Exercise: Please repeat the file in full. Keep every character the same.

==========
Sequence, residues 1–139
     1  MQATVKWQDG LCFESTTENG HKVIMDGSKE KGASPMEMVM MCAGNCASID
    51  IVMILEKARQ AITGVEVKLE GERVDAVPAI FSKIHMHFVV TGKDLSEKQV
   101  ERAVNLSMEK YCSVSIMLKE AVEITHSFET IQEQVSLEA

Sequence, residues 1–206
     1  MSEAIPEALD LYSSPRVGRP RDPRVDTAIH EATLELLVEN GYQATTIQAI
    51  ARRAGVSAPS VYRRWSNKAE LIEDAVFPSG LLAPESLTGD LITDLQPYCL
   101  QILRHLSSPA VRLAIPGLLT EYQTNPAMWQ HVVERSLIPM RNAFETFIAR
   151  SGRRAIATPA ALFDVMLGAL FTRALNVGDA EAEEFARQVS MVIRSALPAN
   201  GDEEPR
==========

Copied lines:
Sequence, residues 1–139
     1  MQATVKWQDG LCFESTTENG HKVIMDGSKE KGASPMEMVM MCAGNCASID
    51  IVMILEKARQ AITGVEVKLE GERVDAVPAI FSKIHMHFVV TGKDLSEKQV
   101  ERAVNLSMEK YCSVSIMLKE AVEITHSFET IQEQVSLEA

Sequence, residues 1–206
     1  MSEAIPEALD LYSSPRVGRP RDPRVDTAIH EATLELLVEN GYQATTIQAI
    51  ARRAGVSAPS VYRRWSNKAE LIEDAVFPSG LLAPESLTGD LITDLQPYCL
   101  QILRHLSSPA VRLAIPGLLT EYQTNPAMWQ HVVERSLIPM RNAFETFIAR
   151  SGRRAIATPA ALFDVMLGAL FTRALNVGDA EAEEFARQVS MVIRSALPAN
   201  GDEEPR